Comrades are invited to have a look at the policies of the Party of the European Left, (Socialists and Communists), the Party of European Socialists, (social democratic parties) and the European Trade Union confederation. Policies generally favour an end to austerity and policies for growth and full employment, a renewed emphasis on ‘social Europe ‘with improved employment and social rights, greater democracy and transparency with more powers for the parliament, and increased curbs and controls on big business. (This is crucial. Huge global corporations can only be controlled by an entity the size of the EU. Contrast the treatment of errant banks by the UK and the US).These are the sorts of policies that Labour surely supports.
There are huge problems in the EU, mainly to do with the Euro, and heightened by the refugee crisis. But it still has the greatest concentration of left wing parties and support for what they stand for in the world, despite the dilution and distortion that many have undergone. It would be unthinkable to walk away. It is not just a question of international solidarity. It is a question of how we, the UK left, make progress. There is no possibility of an independent socialist UK. A socialist Europe, based on a reformed EU, is a possibility. BREXIT would have the effect of significantly reducing that possibility. We should therefore campaign strongly to remain.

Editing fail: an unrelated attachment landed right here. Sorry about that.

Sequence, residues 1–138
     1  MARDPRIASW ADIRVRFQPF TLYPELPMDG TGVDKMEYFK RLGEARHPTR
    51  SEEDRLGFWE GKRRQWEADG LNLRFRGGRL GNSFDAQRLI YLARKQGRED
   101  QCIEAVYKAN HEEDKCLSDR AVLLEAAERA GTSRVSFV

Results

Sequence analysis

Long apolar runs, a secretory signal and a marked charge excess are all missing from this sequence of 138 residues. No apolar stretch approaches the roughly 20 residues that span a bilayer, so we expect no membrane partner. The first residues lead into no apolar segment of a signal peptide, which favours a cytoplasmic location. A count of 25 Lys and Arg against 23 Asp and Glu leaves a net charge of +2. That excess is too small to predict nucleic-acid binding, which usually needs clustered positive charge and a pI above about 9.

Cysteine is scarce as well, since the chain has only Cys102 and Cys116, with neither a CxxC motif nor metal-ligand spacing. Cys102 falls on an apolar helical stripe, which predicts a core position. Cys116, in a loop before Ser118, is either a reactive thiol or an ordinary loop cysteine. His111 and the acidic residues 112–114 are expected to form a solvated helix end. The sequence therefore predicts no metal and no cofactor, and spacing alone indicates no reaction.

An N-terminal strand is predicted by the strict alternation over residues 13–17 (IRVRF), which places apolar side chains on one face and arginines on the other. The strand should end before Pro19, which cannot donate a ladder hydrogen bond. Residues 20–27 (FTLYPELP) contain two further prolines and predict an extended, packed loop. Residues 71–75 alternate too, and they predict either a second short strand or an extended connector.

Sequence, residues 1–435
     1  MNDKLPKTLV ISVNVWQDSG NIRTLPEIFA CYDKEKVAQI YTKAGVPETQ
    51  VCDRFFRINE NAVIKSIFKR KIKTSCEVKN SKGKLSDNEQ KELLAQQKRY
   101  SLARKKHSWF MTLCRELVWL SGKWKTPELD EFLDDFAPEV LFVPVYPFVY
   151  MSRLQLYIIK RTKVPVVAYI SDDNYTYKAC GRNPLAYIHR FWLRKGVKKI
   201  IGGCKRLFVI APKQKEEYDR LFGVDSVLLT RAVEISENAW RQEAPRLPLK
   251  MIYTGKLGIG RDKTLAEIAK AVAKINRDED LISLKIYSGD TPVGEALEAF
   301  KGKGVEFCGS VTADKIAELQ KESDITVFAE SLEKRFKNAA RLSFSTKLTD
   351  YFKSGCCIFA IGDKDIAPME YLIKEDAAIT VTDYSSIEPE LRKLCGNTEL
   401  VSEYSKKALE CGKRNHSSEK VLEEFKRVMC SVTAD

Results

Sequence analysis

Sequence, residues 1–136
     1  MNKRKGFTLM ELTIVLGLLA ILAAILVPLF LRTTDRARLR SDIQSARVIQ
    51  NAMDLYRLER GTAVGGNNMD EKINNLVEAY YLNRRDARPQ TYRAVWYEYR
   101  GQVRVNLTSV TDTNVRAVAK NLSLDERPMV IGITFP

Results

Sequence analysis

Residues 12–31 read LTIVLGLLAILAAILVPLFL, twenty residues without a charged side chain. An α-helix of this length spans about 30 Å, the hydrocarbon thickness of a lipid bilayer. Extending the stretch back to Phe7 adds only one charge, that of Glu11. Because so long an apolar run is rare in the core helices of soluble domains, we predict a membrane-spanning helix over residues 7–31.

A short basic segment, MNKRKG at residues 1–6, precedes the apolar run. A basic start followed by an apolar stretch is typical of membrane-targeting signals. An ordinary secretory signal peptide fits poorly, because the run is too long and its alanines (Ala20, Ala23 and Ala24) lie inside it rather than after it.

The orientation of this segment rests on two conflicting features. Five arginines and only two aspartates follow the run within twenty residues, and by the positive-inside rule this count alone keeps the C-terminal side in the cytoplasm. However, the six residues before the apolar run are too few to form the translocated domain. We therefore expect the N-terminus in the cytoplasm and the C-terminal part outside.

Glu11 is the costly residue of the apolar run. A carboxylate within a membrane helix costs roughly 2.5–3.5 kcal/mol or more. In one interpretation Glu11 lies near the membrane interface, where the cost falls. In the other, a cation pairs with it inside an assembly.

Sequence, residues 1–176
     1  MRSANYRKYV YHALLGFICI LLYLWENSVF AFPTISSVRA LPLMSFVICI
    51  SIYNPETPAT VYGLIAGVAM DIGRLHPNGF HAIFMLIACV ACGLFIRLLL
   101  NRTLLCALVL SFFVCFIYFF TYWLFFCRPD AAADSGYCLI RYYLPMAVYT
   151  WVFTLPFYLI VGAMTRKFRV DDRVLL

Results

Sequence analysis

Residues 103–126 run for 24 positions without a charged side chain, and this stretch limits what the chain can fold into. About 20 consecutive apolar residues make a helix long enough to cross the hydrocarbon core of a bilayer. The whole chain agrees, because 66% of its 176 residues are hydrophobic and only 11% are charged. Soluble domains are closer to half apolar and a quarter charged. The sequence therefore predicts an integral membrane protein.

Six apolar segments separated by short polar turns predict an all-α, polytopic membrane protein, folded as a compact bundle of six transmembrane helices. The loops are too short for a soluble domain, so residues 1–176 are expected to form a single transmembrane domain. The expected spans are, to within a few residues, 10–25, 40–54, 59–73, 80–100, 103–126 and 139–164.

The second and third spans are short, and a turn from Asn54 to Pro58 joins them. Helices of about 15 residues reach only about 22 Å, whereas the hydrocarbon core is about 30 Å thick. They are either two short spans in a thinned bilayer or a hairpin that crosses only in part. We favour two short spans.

Tuesday, March 8, 2016

The left and the EU referendum debate by Nick Davies

At the Welsh Labour Grassroots meeting on 5 March, there was a discussion on the stance socialists in Wales should adopt towards the EU referendum and the EU in general. A summary of that discussion is set out below, the purpose of which is to stimulate and develop future discussion. 

One view was that the EU is fundamentally pro-capitalist and pro-privatisation of public services. It is also undemocratic to the extent that it is incapable of reform. We should therefore vote to leave, it was argued, yet there is no progressive 'leave’ campaign in existence. The campaigns by UKIP and the Tory right are seeking to make the referendum about immigration, as a result of which the referendum campaign will be a carnival of reaction.

Other comrades had therefore concluded that, while the EU is indeed pro-capitalist, pro-privatisation, pro-austerity and anti-democratic, we should vote to stay in because of the possibility of positive change and because the UK labour movement would not be strengthened, and would very possibly be weakened, by ‘Brexit’.

There was general agreement with the critique of the EU as it currently exists and some comrades made particular reference to the additional threat to public services, and the ability of elected government to act, presented by TTIP.

It was pointed out that there are environmental directives and workplace regulations which emanate from the EU and which are beneficial but, given TTIP in particular, it is difficult to know whether to vote to leave or remain.

Given the predisposition of the Tory government towards free markets and deregulation, however, it was also argued that TTIP (or something very like it) would be a danger whether the UK is 'in' or 'out'. Leaving the EU would not, in itself, be an escape from the kind of threats presented by TTIP.

The EU has come a long way from noble ideals of its foundation and, under the impact of unpopular austerity policies and migration issues, it could implode. Whatever the original social-democratic/christian-democratic consensus underlying the original union, austerity is now built into the project, as reinforced by a succession of treaties.